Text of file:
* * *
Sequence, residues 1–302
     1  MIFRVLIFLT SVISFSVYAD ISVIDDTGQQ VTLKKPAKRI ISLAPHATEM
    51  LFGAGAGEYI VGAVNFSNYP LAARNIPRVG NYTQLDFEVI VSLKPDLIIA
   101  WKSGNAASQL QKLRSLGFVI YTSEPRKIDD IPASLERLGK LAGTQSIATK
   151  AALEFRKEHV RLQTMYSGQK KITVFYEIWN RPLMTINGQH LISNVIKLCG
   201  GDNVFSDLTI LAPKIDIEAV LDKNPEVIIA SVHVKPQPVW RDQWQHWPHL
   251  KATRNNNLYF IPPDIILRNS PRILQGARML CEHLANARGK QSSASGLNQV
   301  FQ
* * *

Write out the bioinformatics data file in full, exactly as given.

Sequence, residues 1–302
     1  MIFRVLIFLT SVISFSVYAD ISVIDDTGQQ VTLKKPAKRI ISLAPHATEM
    51  LFGAGAGEYI VGAVNFSNYP LAARNIPRVG NYTQLDFEVI VSLKPDLIIA
   101  WKSGNAASQL QKLRSLGFVI YTSEPRKIDD IPASLERLGK LAGTQSIATK
   151  AALEFRKEHV RLQTMYSGQK KITVFYEIWN RPLMTINGQH LISNVIKLCG
   201  GDNVFSDLTI LAPKIDIEAV LDKNPEVIIA SVHVKPQPVW RDQWQHWPHL
   251  KATRNNNLYF IPPDIILRNS PRILQGARML CEHLANARGK QSSASGLNQV
   301  FQ